Majority of Scots would vote to 'remain in the UK', according to new poll
A clear majority of Scots would vote to "remain" in the UK if there was another referendum on independence, according to a new poll.
The survey, commissioned to mark the fifth anniversary of the first referendum, showed that 59% of voters north of the Border would reject leaving the UK if that was the question on the ballot paper.
Meanwhile, only 41% said they would vote "leave".
The pro-Union side won the 2014 vote by 55% to 45%, when the question asked was "Should Scotland be an independent country".
Nationalists insist that the same question should be put again if another referendum takes place.
But their opponents say that in any new poll, the question should reflect the Remain/Leave options presented to UK voters in the 2016 EU referendum.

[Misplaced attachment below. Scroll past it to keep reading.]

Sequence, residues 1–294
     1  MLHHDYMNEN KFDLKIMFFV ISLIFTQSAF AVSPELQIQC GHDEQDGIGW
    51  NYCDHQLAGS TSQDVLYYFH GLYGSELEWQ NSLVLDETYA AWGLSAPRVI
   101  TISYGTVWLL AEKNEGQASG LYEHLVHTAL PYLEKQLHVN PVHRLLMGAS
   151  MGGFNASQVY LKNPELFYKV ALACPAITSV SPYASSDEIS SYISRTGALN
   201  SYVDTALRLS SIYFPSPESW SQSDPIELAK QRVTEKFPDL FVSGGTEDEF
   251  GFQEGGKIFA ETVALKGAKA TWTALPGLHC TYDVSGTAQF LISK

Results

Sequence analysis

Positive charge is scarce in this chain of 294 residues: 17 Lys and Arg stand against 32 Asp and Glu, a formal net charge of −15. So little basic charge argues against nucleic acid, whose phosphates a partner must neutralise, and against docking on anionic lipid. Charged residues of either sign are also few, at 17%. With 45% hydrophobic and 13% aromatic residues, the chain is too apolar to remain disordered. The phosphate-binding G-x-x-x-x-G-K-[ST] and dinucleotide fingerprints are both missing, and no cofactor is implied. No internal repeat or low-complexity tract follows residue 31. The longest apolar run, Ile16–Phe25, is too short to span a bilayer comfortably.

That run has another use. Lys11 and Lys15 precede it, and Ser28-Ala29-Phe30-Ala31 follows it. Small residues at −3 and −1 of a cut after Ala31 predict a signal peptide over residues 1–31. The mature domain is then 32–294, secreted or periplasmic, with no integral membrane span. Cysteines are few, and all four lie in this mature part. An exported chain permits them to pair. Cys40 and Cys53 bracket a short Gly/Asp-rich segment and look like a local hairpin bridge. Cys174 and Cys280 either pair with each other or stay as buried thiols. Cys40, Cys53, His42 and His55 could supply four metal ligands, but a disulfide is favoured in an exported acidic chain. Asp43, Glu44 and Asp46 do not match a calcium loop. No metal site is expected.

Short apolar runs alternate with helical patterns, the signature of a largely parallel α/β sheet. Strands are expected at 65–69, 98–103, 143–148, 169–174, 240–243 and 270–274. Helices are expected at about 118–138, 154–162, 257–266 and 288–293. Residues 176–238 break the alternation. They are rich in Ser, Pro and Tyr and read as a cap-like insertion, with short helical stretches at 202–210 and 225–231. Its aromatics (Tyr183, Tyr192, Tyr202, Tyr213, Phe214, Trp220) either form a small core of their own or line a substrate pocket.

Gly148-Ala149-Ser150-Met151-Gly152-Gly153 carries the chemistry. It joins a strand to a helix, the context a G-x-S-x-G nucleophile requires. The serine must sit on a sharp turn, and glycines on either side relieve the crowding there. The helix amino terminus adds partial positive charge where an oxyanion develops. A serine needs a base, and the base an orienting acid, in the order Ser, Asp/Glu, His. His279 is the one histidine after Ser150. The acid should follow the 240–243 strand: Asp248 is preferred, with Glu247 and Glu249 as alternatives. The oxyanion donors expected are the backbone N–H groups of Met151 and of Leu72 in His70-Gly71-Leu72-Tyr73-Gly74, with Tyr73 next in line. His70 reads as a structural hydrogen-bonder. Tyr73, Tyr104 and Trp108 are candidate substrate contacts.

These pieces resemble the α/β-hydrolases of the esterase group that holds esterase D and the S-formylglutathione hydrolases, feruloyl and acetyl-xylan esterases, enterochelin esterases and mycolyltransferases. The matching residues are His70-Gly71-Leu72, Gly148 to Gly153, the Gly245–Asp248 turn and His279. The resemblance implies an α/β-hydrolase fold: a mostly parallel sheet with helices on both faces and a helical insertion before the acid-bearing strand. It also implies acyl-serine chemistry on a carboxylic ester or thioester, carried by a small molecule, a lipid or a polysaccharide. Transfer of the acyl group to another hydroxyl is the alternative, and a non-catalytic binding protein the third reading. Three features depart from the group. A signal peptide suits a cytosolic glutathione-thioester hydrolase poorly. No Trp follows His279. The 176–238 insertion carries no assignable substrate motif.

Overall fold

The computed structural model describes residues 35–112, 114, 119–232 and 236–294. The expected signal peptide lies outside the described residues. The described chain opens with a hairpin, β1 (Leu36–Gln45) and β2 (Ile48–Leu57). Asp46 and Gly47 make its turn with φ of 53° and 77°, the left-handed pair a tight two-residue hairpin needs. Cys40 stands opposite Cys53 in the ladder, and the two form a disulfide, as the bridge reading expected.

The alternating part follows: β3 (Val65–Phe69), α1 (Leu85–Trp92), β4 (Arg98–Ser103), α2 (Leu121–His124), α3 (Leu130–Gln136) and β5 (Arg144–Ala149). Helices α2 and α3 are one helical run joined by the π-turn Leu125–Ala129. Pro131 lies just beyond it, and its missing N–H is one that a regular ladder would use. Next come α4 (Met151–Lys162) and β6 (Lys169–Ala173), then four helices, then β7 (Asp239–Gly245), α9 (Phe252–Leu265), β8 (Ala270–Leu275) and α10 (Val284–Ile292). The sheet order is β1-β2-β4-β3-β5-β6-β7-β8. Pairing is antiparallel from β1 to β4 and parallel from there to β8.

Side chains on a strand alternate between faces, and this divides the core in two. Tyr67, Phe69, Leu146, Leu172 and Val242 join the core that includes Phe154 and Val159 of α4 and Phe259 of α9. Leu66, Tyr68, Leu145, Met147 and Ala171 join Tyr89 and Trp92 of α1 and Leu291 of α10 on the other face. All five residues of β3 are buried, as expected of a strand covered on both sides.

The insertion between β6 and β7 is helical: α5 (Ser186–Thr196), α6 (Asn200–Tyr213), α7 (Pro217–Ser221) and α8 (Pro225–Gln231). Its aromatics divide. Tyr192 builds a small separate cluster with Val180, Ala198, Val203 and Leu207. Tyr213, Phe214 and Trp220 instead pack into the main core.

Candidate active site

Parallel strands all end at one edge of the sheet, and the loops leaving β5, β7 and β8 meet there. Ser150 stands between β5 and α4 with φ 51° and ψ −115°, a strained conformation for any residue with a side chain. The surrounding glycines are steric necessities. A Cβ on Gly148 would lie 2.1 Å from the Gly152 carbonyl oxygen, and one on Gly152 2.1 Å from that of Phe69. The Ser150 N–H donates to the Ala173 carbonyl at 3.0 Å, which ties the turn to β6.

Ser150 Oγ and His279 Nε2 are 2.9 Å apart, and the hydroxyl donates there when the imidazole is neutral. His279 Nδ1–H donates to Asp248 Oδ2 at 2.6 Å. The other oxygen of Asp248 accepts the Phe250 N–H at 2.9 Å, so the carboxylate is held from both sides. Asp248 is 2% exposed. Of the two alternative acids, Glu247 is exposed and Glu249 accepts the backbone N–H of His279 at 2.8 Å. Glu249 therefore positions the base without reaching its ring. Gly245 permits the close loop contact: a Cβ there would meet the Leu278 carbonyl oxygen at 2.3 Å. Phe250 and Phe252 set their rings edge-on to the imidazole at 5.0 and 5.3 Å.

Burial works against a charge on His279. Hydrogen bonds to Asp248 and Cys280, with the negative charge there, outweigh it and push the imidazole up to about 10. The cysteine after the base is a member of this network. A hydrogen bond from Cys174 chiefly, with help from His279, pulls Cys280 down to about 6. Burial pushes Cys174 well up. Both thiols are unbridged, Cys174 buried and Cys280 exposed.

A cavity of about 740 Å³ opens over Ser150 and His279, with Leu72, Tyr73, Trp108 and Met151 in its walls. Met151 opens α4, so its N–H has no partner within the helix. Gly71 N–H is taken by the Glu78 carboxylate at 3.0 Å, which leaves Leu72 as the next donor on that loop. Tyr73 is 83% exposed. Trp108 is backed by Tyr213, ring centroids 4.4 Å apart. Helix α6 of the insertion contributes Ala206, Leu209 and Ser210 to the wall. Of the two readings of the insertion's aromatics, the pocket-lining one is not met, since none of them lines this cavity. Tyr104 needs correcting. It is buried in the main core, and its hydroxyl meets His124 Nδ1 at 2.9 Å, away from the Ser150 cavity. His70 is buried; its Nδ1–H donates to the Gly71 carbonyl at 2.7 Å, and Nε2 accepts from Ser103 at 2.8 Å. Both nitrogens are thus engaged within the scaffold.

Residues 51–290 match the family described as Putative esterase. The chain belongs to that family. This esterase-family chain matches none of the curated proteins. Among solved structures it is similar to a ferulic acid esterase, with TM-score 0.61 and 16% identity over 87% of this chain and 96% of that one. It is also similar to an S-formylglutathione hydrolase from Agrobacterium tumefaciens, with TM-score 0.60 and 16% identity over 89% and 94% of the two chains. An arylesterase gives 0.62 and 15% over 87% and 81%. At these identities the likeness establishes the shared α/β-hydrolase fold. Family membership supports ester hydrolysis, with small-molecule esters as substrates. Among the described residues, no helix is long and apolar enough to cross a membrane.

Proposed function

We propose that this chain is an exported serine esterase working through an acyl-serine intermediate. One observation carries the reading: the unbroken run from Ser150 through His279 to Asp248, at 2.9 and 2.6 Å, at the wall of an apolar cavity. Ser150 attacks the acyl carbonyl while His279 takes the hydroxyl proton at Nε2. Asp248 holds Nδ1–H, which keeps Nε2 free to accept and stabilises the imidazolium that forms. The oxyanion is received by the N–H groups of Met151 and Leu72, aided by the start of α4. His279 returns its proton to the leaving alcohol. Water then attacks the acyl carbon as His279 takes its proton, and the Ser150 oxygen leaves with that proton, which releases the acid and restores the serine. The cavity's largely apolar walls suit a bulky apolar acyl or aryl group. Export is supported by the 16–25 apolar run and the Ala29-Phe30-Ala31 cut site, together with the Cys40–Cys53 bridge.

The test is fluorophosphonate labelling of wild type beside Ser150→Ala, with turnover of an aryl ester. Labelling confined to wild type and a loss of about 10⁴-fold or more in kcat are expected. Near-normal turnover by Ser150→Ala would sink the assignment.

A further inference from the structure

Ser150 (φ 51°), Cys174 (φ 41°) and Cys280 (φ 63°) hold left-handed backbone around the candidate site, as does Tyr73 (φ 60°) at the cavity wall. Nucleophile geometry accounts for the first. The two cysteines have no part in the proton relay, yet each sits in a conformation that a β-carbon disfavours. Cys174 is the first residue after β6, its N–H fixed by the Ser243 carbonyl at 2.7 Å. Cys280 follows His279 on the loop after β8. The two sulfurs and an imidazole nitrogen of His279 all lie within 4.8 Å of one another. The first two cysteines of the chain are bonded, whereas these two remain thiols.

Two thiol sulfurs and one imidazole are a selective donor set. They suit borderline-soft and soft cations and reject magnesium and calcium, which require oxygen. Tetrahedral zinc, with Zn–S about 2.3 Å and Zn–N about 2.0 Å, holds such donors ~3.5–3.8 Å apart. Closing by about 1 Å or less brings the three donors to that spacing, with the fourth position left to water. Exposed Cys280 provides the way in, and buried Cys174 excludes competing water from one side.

The latest poll was carried out by Survation on behalf of the Scotland In Union group, whose chief executive Pamlea Nash said: "Just five years on from the referendum that Nicola Sturgeon promised was a ‘once-in-a-generation’ contest, this landmark poll shows that 59%of people in Scotland want to remain in the UK.
"People are seeing the chaos that Brexit has brought, and know that Scotland leaving the UK would be much worse."
But the SNP condemned the poll, and said changing the question in a second referendum risked "confusing" voters.
Deputy leader Keith Brown said: "“They are trying to rig the question in a deliberate bid to confuse independence with Brexit."